Most marketing professionals understand that insight into the hearts and minds of your customers is central to successful product innovation. But which customers? Who is going to buy my product first? What happens after that? How can I eventually grow my customer base to one billion people?
What is the role of leadership in an innovation program? In reviewing the stories our clients have shared these past 4 years, I identified two common roles for leadership in an innovation program:
The business needs to define strategy, profitability, and relevance at any given time to break through bottlenecks and avoid pitfalls on the path to innovation.
Now, more than ever, the corporate innovation industry grows as quickly as the technology that drives it. Thus, corporate innovators must set up the right foundational framework to kickstart their efforts. This Ultimate Corporate Innovation Playbook provides that framework by examining:
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To stay relevant in the digital era, most companies are considering design thinking, but continue to be immersed in a “Build it, and they will come” mindset. Often, due to a sense of urgency to play catch-up or disrupt the market, they skip empathy and define stages of design thinking and jump to ideation and build a prototype of the new solution.
Productivity and creativity fuel professionals as they make strides in their field. But small things can chip away at workflow, substantially impacting projects and presentations. Focus is an essential skill to exercise in the office, but it is in jeopardy because of one significant threat—distractions.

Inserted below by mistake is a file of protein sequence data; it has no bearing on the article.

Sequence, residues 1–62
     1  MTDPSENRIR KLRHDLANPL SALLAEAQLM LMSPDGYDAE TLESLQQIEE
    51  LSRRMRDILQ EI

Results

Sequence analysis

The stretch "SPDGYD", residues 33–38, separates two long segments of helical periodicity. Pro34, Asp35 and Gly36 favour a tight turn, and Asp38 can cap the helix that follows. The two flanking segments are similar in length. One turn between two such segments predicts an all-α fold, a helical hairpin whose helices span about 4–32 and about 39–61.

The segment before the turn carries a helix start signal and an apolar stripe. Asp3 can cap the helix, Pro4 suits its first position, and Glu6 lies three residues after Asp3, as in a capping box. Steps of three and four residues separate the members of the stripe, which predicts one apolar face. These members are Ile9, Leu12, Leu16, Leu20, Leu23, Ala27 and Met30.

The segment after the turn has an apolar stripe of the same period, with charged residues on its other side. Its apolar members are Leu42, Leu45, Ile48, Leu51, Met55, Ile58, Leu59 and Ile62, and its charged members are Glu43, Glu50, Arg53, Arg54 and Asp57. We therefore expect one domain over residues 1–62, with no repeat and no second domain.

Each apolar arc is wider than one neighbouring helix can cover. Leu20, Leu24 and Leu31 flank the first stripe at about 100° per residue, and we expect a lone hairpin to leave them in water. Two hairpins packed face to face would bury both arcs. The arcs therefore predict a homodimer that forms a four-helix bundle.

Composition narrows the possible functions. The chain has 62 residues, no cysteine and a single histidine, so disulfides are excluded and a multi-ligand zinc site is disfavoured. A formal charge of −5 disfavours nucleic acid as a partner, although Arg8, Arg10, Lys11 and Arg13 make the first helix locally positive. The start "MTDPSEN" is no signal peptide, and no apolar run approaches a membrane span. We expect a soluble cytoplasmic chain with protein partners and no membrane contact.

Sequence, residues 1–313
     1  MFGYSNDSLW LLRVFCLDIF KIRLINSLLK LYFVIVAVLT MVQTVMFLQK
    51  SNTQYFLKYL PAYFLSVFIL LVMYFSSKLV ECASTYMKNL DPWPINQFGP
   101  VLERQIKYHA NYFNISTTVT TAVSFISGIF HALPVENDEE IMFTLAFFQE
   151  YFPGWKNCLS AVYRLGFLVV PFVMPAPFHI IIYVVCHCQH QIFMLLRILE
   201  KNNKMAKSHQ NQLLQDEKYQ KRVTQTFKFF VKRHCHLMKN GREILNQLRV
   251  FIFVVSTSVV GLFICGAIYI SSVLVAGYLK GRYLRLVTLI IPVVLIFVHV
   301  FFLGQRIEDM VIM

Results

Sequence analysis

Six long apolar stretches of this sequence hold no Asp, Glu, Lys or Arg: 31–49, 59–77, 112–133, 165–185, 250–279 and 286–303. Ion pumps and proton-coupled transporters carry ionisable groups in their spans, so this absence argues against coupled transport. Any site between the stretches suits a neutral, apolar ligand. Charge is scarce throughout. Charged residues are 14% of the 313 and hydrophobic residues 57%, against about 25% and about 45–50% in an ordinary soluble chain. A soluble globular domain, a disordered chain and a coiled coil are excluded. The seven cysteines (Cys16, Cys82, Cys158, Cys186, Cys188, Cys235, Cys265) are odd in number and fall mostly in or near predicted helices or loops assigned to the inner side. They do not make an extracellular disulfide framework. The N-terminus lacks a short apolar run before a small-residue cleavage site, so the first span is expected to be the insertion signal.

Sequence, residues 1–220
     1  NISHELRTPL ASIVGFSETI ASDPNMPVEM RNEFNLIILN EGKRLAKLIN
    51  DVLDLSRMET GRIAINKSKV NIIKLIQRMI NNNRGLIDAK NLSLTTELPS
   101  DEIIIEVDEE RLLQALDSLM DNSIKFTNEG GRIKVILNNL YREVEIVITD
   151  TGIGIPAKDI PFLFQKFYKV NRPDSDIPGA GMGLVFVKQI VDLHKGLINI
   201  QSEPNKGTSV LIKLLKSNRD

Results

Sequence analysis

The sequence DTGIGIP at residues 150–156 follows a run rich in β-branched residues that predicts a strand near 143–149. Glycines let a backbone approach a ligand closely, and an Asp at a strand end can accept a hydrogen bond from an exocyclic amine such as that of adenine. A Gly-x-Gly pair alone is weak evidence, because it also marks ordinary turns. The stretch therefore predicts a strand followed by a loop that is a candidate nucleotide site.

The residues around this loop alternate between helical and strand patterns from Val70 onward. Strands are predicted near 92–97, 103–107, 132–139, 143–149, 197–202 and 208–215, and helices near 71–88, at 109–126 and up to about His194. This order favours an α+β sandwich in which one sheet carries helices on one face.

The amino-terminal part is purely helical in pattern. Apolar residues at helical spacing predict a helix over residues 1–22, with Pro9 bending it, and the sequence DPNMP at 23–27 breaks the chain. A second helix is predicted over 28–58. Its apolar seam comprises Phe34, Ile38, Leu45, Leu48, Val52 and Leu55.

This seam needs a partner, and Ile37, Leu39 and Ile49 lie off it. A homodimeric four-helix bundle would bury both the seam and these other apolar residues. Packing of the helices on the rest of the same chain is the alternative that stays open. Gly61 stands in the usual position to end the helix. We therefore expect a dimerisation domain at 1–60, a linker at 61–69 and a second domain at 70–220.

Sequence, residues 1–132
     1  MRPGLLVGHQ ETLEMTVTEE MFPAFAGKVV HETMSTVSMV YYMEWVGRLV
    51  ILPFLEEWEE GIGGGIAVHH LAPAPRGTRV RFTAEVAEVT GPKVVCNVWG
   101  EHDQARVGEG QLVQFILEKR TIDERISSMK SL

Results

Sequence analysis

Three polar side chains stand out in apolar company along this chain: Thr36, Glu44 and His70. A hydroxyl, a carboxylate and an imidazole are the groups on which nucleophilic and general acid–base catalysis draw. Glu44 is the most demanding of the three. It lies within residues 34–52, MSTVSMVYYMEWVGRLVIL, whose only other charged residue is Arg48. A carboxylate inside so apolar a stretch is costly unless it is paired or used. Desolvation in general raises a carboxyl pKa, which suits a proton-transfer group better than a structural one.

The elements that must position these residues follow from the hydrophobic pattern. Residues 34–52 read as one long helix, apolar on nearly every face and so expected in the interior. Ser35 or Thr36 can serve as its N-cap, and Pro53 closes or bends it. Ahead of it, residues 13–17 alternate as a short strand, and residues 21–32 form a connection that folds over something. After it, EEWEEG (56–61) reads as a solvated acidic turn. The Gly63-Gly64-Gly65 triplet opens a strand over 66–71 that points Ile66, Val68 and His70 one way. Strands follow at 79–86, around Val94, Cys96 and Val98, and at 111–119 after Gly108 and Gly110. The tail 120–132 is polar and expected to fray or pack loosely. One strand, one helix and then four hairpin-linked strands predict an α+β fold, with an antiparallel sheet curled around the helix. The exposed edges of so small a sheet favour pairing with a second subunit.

At the core of every successful business lies innovation. This innovation, however, doesn’t always have to be of internal nature in the form of a new product or an upgraded service in order to have a spectacular effect on your brand’s success.
The industries of manufacturing and energy are poised for more disruptive change perhaps than any other industry. These companies are impacted by sustainability issues, consumer attitudes and behaviors, digitization, 3D printing, emerging automation and technology, and so much more.
The modern world is constantly moving forward, and at an ever-increasing pace. The rate of change is highly influenced by the rate of technological development.
The non-duality principle of Zen philosophy suggests a more intensive approach to the dimensions of innovation “space-time.” Business teams should stop following a simple sequential procedure in which new ideas are accepted or rejected almost as soon as they arise. Instead, they should take extra time and create a “learning space” or study environment for all of the new ideas in place of the typical reactive, judgmental, for-or-against decision-making process. Connections between these ideas may lead to further innovation opportunities.
IdeaScale has honored innovation leaders in their annual Innovation Management Awards for six years now. Award recipients have come from almost every industry with a variety of goals (from eradicating cancer to identifying new university technology best practices), but this year’s winners share a few key characteristics that all innovation leaders need to embody.
The business world, as well as every industry in the world, is undergoing a massive change in the wake of the technological revolution.